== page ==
In late-July 2009, when I was doing freelance work to pay the bills, a recruiter approached me about a job opening at the Glasgow based agency-of-all-things, Curious Group. I’d long admired the work of Curious’ from afar, having browsed their website showcase even before I moved back up from Liverpool in 2008, so I was excited about the opportunity.
However, when I saw the job spec I swallowed hard. Six years in the sheltered safety of Sony, followed by a gruelling year churning out Python for the purpose of content migration had left me a little rusty as a web developer. More rust, in fact, than I could shake off in the month of PHP and simple front-end work that the freelance project had me doing. But still, I decided I would just be honest in the interview and show a willingness to learn whatever was required should the job come my way.
The first step was a phone interview with a senior developer, Iain Simpson, as the technical director, Robert Tweed, was off work with suspected swine flu (it wasn’t). Iain asked me about the kind of work I’d done in the past and I asked him the usual vague interviewee questions in return.
The call didn’t last any more than 20 minutes, but I was really encouraged by the chat with Iain and tweeted enthusiastically to that effect afterwards – an act I would later cringe at when reminded of it down the line.
An hour or so later the recruiter informed me that I’d done well in the phone interview and that the next step would come in the form of a trial day the following week. To say I put in the appropriate preparation is grossly overstating it. As I was struggling financially, Cousin Iain had paid for my flights to London for the Great British Beer Festival, so I flew down for that as planned, getting back late on Sunday evening.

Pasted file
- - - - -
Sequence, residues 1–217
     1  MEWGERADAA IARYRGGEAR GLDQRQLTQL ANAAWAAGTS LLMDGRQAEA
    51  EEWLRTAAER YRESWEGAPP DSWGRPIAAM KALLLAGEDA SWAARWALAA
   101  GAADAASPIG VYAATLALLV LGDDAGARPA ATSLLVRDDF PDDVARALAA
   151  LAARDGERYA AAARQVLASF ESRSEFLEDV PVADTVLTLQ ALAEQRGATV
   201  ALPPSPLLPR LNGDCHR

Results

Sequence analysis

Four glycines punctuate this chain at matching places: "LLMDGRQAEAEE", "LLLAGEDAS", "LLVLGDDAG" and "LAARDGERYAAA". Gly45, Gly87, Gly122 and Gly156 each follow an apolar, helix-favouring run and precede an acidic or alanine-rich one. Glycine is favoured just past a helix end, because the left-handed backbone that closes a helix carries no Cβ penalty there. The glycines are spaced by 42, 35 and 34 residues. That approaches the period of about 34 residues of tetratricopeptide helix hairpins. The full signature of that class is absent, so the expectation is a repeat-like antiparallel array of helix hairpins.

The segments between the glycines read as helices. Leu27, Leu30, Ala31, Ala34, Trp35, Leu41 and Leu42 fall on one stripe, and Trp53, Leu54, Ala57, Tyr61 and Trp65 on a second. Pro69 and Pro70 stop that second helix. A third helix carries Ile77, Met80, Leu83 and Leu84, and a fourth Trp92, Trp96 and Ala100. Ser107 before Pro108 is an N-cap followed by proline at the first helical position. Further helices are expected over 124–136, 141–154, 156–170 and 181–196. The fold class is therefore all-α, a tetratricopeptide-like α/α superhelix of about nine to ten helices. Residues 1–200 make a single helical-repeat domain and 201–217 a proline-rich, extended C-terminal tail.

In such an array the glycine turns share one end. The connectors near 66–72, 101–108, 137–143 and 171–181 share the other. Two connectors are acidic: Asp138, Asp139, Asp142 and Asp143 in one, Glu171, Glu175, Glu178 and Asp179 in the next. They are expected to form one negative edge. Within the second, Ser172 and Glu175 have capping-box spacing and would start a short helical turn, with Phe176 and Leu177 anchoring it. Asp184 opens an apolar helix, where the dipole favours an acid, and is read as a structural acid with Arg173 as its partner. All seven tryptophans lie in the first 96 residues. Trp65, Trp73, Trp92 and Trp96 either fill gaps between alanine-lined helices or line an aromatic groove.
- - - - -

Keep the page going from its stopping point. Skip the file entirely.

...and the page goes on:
That left me with just a day to brush up on those contrived “interview questions” before the trial day began at half past nine on Tuesday morning. The Curious Group occupied several floors of a sandstone building on Wellington Street, and I was suitably impressed by the surroundings. It was just as grand as it looked in the pictures on the websit. Inside, the strength of the firm’s interior design arm was clear. This would be a cool place to work if I could make the grade.
After our introductions, a cheerful Robert Tweed took me to a side room where I was given a written test to sit for the next hour or so. Left to it, I scanned the paper and didn’t get very far before I felt a little out of my depth. Most of the questions looked straight out of academia and I hadn’t been faced with anything like that since I’d been at university.
Write a sorting algorithm in pseudo code, I was prompted. I stared at the question until the text blurred. Did I really know any sorting algorithms? I remembered Bubble Sort being in some sample of code I had written on my Spectrum back in the 80’s and although I knew it was inefficient compared to other techniques, it was all that came to mind. I tentatively put pen to paper, trying to work out the logic of it as I wrote. It struck me that if I was actually coding this up I’d be able to work it out with a bit of trial and error, but writing it in pseudo code – the programmatic equivalent of layman’s terms – wasn’t coming easily.